Strengths A large talent pool of engineers to pull from, Buzz stands on top of existing Gmail, mobile devices, and dominant search portal.  As Buzz grows, they can integrate with all Google apps –and aggregate the entire internet. Rapid US and international growth over last few years bodes well as quickly evolved feature set of platform and and FB Connect gain traction.  Attracts top talent from Google –which are quickly defecting. Big backing by a media giant, a super engaged audience, and rich history of reaching media starved young consumers. Has clinched adoption over media elite, celebrities, and tech influencers. Incredible media buzz, and easy-to-use features.
Weaknesses Late to the party, Google has had a series of social networking misfires from Wave, Dodgeball, Orkut their culture shows signs of becoming corporate –like Microsoft. Struggles with the conundrum of having promised users a ‘closed’ experience where to be successful requires them to be ‘open’. Historically poor track record in meeting privacy expectations of customers, and overall complex interface. Complacent: they really let themselves go. In the eyes of the tech world, they are becoming irrelevant or even worse, a niched media play –not even a lifestyle network.  This leaderless ship without a captain is undergoing radical internal turmoil and innovation has stalled. Although features are dead simple, they are now a commodity –status update features are ubiquitous. Mainstream users confused by how to get started. Overhyped, the infrastructure has shown strain.  Brands generally confused on how to interact.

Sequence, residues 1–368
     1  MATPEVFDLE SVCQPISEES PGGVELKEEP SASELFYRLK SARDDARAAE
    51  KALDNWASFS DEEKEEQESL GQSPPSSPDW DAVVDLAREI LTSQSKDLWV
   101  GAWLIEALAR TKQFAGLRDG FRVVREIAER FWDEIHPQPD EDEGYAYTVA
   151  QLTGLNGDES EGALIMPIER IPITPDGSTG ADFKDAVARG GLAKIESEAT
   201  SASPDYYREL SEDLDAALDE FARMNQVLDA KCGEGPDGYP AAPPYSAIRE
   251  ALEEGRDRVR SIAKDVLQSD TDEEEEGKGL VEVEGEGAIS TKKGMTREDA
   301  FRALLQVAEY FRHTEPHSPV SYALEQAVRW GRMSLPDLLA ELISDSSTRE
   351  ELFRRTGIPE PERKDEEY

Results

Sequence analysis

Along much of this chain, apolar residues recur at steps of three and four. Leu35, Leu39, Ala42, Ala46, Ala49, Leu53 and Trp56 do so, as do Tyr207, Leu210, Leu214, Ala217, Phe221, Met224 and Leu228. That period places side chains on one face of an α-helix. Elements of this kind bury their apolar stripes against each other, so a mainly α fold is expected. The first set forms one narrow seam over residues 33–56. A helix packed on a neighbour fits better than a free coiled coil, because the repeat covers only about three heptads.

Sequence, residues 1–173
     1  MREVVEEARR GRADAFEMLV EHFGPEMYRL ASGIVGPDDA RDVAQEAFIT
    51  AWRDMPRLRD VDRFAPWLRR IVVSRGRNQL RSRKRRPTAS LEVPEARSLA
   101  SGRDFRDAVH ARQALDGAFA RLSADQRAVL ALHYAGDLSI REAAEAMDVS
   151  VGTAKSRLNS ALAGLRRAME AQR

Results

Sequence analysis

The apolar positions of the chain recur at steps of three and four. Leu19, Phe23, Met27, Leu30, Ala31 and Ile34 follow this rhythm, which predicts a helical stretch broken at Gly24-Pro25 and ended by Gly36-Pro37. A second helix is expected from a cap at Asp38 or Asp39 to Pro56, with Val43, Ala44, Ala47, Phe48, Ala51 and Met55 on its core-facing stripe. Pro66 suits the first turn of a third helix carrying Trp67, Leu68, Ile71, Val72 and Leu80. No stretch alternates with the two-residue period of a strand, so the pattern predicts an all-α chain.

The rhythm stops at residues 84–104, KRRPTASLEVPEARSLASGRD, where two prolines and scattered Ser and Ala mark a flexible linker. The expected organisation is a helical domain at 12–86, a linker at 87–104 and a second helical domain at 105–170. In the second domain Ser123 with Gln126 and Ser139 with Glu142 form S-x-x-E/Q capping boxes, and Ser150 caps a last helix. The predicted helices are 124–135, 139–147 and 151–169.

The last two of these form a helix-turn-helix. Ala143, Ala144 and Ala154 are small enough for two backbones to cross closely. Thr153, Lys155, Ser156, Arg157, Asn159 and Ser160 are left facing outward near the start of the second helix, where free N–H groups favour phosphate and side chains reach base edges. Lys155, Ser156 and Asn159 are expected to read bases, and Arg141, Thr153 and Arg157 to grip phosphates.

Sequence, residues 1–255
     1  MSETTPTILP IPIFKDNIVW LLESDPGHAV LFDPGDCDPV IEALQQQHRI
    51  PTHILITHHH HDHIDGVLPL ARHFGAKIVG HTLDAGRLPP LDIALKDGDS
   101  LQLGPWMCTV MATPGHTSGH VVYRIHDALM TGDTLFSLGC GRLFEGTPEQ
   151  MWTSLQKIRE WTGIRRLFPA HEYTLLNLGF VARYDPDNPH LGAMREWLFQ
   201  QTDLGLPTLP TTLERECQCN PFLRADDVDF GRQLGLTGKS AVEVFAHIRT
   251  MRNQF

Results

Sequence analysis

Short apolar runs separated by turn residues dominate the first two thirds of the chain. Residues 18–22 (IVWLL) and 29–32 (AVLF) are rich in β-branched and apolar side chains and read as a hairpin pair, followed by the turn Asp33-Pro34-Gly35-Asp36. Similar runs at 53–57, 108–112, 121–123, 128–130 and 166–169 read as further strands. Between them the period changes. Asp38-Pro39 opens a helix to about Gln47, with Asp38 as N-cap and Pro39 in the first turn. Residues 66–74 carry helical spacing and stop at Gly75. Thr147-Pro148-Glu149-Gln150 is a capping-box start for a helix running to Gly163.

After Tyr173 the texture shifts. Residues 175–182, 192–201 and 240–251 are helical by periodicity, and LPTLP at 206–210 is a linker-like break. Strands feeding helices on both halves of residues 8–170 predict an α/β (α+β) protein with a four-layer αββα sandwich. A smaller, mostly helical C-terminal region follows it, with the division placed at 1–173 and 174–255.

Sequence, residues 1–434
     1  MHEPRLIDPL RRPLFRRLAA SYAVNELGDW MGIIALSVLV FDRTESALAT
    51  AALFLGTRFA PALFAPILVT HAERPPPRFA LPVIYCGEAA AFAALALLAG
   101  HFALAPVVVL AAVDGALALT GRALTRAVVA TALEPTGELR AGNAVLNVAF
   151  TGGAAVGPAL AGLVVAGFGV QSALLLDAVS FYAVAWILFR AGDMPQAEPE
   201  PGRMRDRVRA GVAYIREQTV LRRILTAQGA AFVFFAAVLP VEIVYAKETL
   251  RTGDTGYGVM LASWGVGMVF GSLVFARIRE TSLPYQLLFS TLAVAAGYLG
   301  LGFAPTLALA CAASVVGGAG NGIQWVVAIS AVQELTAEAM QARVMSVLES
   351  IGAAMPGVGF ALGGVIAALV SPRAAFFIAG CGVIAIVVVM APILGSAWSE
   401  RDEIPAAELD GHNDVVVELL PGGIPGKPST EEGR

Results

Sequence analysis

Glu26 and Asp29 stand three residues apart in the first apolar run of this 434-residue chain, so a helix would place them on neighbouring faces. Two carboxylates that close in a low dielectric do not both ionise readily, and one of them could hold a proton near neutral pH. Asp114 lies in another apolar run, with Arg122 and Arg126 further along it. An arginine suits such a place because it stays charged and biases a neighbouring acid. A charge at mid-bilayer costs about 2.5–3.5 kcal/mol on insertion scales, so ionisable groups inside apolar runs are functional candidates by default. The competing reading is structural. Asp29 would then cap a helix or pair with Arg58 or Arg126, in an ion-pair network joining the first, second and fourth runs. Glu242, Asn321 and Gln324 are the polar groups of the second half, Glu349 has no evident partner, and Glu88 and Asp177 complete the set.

Opportunity The more information users share, tag, or create, the more data is created on Google’s platform to organize, giving them opportunity to monetize. By integrating Facebook Connect everywhere, the service becomes ubiquitous, and therefore the default identity and default address book for consumer behavior. A few hours ago, the CEO Van Natta was let go. Now a new chief can step up, and lead the recently formed executive team, fostering innovation and solidarity. Must develop more features to increase the overall value of this utility of the this simple status messaging tool.